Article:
Southern Collegian, Volume 13

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Literary Societies of Washington College, 1880

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Page 58 - What a piece of work is a man! how noble in reason! how infinite in faculty! in form and moving how express and admirable! in action how like an angel! in apprehension how like a god! the beauty of the world! the paragon of animals! And yet, to me, what is this quintessence of dust? man delights not me; no, nor woman neither, though by your smiling you seem to say so.
Page 58 - I have of late (but wherefore I know not) lost all my mirth, forgone all custom of exercises ; and, indeed, it goes so heavily with my disposition, that this goodly frame, the earth, seems to me a sterile promontory; this most excellent canopy, the air, look you, this brave o'erhanging firmament, this majestical roof fretted with golden fire, — why, it appears no other thing to me than a foul and pestilent congregation of vapours.
Page 20 - According to the tradition of his companions, Mahomet was distinguished by the beauty of his person, an outward gift which is seldom despised, except by those to whom it has been refused. Before he spoke, the orator engaged on his side the affections of a public or private audience. They applauded his commanding presence, his majestic aspect, his piercing eye, his gracious smile, his flowing beard, his countenance that painted every sensation of the soul, and his gestures that enforced each expression...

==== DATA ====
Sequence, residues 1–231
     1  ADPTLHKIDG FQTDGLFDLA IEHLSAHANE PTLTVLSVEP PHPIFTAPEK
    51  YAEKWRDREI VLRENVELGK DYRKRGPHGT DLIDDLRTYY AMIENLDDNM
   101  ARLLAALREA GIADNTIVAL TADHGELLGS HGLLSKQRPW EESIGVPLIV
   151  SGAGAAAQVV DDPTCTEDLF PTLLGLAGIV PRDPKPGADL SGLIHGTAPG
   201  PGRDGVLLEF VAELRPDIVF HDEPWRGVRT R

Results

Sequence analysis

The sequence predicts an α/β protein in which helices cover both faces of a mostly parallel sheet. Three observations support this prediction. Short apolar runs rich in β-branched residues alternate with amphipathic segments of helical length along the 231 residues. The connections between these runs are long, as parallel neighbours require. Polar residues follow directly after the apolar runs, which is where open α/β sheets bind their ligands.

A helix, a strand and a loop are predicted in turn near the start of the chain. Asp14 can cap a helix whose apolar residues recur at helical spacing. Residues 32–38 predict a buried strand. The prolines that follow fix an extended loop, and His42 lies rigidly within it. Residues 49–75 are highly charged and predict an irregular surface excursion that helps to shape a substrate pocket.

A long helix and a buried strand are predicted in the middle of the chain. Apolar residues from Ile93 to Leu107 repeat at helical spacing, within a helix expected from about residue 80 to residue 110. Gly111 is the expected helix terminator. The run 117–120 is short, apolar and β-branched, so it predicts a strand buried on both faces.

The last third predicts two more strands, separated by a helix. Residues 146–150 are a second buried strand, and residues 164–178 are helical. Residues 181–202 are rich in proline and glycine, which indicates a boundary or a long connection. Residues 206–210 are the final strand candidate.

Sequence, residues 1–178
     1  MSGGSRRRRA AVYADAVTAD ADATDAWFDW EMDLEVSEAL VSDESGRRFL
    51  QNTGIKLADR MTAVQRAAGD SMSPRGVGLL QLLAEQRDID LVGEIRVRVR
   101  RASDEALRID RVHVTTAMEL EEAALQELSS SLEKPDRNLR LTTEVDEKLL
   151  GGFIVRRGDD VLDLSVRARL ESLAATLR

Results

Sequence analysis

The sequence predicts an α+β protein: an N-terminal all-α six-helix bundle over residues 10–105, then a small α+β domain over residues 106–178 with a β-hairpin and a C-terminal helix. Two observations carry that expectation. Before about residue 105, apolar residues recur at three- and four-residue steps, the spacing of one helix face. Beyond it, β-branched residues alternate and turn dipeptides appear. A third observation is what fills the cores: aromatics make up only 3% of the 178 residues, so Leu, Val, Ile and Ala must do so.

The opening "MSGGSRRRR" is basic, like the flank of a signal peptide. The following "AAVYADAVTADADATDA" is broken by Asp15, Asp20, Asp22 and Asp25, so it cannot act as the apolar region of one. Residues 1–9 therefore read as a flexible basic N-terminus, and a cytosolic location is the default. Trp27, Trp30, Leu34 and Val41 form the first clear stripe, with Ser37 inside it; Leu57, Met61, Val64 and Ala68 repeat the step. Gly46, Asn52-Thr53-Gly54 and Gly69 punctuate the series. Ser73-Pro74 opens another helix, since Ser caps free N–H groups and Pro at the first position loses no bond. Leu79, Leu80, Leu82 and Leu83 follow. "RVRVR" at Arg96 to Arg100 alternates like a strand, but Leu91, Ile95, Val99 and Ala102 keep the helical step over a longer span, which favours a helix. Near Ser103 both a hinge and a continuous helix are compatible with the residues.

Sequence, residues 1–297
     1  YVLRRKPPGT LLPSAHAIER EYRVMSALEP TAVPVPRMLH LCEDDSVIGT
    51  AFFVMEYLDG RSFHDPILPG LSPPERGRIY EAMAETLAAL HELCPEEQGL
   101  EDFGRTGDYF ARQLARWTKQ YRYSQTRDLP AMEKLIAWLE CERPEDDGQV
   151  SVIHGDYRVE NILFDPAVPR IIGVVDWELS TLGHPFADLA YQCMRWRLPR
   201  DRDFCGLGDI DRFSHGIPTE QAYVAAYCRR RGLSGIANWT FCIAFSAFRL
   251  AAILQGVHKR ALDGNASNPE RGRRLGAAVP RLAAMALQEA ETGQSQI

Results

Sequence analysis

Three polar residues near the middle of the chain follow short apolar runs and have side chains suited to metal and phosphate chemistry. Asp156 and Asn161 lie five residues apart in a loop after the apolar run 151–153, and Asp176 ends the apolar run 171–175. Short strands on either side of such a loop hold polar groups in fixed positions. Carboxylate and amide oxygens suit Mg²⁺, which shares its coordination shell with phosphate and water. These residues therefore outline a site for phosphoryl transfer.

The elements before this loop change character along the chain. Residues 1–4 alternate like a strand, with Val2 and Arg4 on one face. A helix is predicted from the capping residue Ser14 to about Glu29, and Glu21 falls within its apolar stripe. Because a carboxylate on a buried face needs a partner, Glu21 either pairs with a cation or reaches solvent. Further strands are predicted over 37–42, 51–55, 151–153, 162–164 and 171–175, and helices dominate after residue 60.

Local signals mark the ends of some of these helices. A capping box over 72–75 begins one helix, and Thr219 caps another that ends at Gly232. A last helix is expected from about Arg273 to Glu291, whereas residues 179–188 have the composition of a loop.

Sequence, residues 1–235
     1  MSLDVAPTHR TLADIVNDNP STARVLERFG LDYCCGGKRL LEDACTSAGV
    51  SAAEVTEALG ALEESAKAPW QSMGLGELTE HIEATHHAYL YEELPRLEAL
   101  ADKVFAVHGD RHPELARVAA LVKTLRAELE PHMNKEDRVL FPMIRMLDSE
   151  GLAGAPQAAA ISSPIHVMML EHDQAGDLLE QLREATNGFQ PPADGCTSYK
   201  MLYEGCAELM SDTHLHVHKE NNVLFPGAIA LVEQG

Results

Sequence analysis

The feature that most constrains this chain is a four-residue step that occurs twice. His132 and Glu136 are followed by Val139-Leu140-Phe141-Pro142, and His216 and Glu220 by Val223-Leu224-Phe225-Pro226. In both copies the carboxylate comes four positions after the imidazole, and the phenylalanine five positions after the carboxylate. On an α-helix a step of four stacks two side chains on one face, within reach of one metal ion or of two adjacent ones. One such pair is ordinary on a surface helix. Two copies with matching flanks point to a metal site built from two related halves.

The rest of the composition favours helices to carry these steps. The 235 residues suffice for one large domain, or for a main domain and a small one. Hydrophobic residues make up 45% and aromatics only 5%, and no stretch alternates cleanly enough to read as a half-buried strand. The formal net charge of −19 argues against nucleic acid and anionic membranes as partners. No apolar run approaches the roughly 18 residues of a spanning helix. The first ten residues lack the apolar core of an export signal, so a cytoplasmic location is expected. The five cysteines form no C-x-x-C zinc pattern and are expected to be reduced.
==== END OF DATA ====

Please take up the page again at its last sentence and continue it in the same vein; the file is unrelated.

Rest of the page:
Page 262 - Past, But the hopes of youth fall thick in the blast, And the days are dark and dreary. Be still, sad heart ! and cease repining ; Behind the clouds is the sun still shining ; Thy fate is the common fate of all, Into each life some rain must fall, Some days must be dark and dreary.
Page 55 - Remember thee ! Yea, from the table of my memory I'll wipe away all trivial fond records, All saws of books, all forms, all pressures past, That youth and observation copied there ; And thy commandment all alone shall live Within the book and volume of my brain...
Page 52 - In the most high and palmy state of Rome, A little ere the mightiest Julius fell, The graves stood tenantless, and the sheeted dead Did squeak and gibber in the Roman streets...
Page 268 - As the husband is, the wife is; thou art mated with a clown, And the grossness of his nature will have weight to drag thee down.
Page 100 - Or lose thyself in the continuous woods Where rolls the Oregon, and hears no sound Save his own dashings...
Page 269 - ... that comes to him, at eventide, from far-distant, undiscovered islands, over dim oceans, illimitable and unexplored. He owns it in all noble thoughts— in all unworldly motives — in all holy impulses — in all chivalrous, generous, and self-sacrificing deeds. He feels it in the beauty of woman — in the grace of her step — in the...
Page 151 - Gie me ae spark o' nature's fire, That's a' the learning I desire; Then tho' I drudge thro' dub an' mire At pleugh or cart, My muse, tho' hamely in attire, May touch the heart.

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